- Tapa dura: 204 páginas
- Editor: BiblioLife; Edición: Large type / large print edition (18 de agosto de 2008)
- Idioma: Inglés
- ISBN-10: 0554233525
- ISBN-13: 978-0554233529
- Valoración media de los clientes: Sé el primero en opinar sobre este producto
Mike and Psmith (Large Print Edition) (Inglés) Tapa dura – Texto grande, 18 ago 2008
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This is a pre-1923 historical reproduction that was curated for quality. Quality assurance was conducted on each of these books in an attempt to remove books with imperfections introduced by the digitization process. Though we have made best efforts - the books may have occasional errors that do not impede the reading experience. We believe this work is culturally important and have elected to bring the book back into print as part of our continuing commitment to the preservation of printed works worldwide.
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that's where this book comes in. it serves as the world's introduction to this wily semi-rogue. but alas, it takes the long way about, bringing Psmith in at a little passed the halfway mark. as evidenced by the title, the main character here is one Mike Jackson. Mike would ultimately become Psmith's sidekick, but in the meantime he has his own lackluster story to tell.
Mike meets Psmith when he transfers to a new school. the first half of the book concerns his career as star cricket player for the first school's team. it's an obsession with him, so book centers on the technical aspects of the game to a point that becomes tedious and often confusing. i guess it's possible that i feel this way for being neither British nor a sports enthusiast, but that doesn't make it any more vital to the story.
it's also odd to think of this as the work of Wodehouse - a man sometimes called the British Mark Twain - because it's not all that funny.
with the aforementioned transfer and introduction to Rupert Psmith, however, the story switches into high gear. Mike and Psmith quickly establish their relationship as something somewhere between a Holmes and Watson and an Abbott & Costello, and we're finally treated to the sort of high-spirited farce for which Wodehouse is so justly celebrated. it's just a drag that it takes so long.
which brings us to the happy conclusion i wrote this review specifically to highlight. you can safely disregard MIKE (the book), because another title, MIKE & PSMITH, offers said latter half in it's own right. that one cuts away the needless, Psmith-less preamble and gets down to the nitty-gritty. it's a rare case of a lily being un-gilded for a change. so that's the one to go for.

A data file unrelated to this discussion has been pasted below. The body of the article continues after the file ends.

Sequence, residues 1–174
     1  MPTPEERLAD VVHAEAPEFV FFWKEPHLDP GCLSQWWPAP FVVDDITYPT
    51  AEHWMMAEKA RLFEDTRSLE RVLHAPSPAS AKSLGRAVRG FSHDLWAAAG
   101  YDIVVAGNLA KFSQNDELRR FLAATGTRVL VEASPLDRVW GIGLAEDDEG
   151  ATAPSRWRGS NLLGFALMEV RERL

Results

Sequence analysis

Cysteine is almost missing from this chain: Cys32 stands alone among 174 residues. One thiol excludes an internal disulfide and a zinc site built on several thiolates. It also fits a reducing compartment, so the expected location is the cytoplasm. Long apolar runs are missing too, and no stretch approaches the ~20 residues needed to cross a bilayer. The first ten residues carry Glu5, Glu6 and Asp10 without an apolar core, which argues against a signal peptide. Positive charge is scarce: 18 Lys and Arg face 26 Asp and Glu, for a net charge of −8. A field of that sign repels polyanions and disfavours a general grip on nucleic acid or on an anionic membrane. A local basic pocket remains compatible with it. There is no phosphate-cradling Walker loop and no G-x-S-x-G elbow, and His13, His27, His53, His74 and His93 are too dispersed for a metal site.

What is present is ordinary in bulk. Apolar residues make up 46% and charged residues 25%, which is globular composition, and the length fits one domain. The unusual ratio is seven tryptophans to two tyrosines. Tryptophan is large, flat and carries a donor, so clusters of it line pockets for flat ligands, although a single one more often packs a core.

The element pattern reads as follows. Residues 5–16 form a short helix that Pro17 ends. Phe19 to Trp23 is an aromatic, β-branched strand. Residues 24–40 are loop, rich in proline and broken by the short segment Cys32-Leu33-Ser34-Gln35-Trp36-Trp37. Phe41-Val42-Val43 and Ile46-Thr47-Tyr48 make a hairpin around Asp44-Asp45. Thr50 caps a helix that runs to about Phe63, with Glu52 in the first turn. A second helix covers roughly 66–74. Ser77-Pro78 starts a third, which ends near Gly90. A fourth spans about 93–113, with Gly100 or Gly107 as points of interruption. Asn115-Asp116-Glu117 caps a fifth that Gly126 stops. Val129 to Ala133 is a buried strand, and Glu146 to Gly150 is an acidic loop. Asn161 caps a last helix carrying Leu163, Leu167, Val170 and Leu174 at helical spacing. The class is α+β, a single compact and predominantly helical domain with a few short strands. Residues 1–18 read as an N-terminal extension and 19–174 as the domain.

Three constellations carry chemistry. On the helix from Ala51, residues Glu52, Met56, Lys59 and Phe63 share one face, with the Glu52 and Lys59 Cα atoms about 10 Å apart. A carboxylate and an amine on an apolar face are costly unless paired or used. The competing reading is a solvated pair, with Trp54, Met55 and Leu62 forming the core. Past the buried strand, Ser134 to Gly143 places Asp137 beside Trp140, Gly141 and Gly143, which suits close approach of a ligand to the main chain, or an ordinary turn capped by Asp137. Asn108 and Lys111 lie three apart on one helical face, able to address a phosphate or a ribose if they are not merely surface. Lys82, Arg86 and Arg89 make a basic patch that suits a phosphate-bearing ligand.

i don't understand why Wodehouse even bothered to write the first half anyway. all it ever really had any potential to be was the story of a Dr. Watson's life before he finds his Sherlock. does that really sound very interesting to you?
This is a very light, and light hearted story. Nothing more is at stake than school loyalty and the demands of friendship. The school masters are faintly distant comedic figures and reality is whatever has the interest of the students.
Mike and PSmith begin the book as strangers to each other and to their new school. Each has been taken from their old school as near academic failures and form a friendship based mostly on not knowing anyone else. Mike is somewhat of an average guy if an exceptional cricket player. Psmith comes across as pretentious and possibly effete, however he has the quicker wit and seems to have many hidden qualities. Between them they will use force and Psmith's fast talking to secure a safe place in the student pecking order and routinely play the adults for fools.
For those of us who relate to Wodehouse mainly via the Bertie and Jeeves books, Psmith comes across as Jeeves clever but clearly destined for a Bertie Wooster lifestyle. In Psmith Wodehouse has created a character rich in contradictions and therefore rich in comedic potential. In Mike and Psmith we are not aware that there will be at least four more Psmith books. It is clear that this character can sustain more stories.
For me the humor in Mike in Psmith was rarely above the quiet smile level. It was a nice enough story. There was not enough plot or plot twists to make this a long book and Wodehouse keep this pacing crisp and the wind up is not long in coming. This book may appeal to younger reader, although perhaps not one missing a background in cricket. I cannot recommend it as an introduction to Wodehouse, but for the reader with some sense of who Wodehouse will become and in particular if you have not yet read the Psmith books, I can recommend Mike and Psmith.
This book has a complicated history. It was first published as two magazine serials which are combined in this book. In addition, the first serial was published as Mike at Wrykyn and the second as Mike and Psmith, or Lost Lambs.